Last night I was reading through a wonderful section of scripture and I thought it would make for a great blog.
In Psalm 19:12-14 we read…
Who can discern his errors? Forgive my hidden faults. Keep your servant also from willful sins; may they not rule over me. Then will I be blameless, innocent of great transgression. May the words of my mouth and the meditation of my heart be pleasing in your sight, O Lord, my Rock and my Redeemer.
First, we all have patterns of behavior that we fall into that lead us into sins that we are unaware of. Yesterday we were discussing how the things that we say about other people can actually become a tremendous stumbling block and hinder the move of the Holy Spirit in our lives. Satan uses our very nature against us and convinces us that we are totally justified based upon what another person has done to us. However, this is simply not the way we as Christians behave. Ever!
If we’re not very diligent these patterns of behavior and subsequently speaking can become a hidden fault. We don’t realize that we are acting in a sinful way and as such, sin rules in our lives without our knowledge. David asks God to reveal his hidden faults to him. This would be a great practice for each Christian to engage in every day.
“Lord, reveal my hidden faults to me so that I may repent and change.”
Second, David asks God to keep him from willful sins. These are those things that we know are sinful and yet we do them anyway.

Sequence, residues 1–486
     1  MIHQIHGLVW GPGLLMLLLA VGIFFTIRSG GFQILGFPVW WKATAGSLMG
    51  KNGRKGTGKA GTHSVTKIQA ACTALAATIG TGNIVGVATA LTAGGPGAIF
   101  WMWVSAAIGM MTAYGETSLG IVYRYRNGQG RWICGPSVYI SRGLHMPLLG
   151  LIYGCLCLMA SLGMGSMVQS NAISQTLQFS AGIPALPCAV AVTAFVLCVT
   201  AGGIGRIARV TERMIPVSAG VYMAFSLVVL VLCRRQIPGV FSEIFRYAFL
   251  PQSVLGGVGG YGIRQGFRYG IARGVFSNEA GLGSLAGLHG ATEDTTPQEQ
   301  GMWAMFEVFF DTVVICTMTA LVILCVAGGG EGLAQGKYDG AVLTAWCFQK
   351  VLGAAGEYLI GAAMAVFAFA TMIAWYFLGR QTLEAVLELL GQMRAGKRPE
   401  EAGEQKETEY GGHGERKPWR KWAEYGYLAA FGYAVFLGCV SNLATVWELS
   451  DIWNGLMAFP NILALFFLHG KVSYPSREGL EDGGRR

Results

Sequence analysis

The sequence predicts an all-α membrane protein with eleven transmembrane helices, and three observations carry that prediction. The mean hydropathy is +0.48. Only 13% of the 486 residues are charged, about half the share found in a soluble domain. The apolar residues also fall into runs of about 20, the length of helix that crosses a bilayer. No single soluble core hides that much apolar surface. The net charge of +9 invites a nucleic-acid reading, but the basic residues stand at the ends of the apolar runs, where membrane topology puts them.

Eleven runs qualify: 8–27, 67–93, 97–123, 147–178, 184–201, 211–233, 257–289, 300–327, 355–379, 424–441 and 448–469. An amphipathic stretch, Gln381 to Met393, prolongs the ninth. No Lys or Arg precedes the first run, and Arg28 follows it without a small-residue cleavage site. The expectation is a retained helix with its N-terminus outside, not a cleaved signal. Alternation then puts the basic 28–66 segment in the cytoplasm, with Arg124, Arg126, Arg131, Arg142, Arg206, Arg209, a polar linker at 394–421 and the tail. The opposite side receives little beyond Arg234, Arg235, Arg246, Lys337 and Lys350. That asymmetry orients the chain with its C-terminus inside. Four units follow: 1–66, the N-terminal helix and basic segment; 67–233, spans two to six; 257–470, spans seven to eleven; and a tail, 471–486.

In this dispensation of grace in which we live, we have a powerful propensity to go too far. There are those who teach that the power of God’s grace is so great that there is no way for us to offend it. There is a part of me that absolutely believes that. However, for me it’s a matter of sequence. If there is something in me that consciously moves toward sin because I think God will forgive me and I do so over a Spirit-originated conviction, I am walking a very dangerous line. Not because God will withdraw his grace because I believe He never does, but rather because I run the risk of slowly callousing my heart to that grace and damaging my faith. I believe that I can completely erode my faith in God and the things of God and as such I can become unsaved. I’ve done nothing to change God’s grace, but rather I’ve removed my own faith by my actions. Ephesians 2:8-9 indicate to me that both grace and faith are necessary for my salvation.
Therefore, David prayed that God would give him the strength to avoid both the sins he was unaware of and those that he was fully aware of and then he would be innocent of “great transgression.”
That’s where I want to live! Free of great transgression!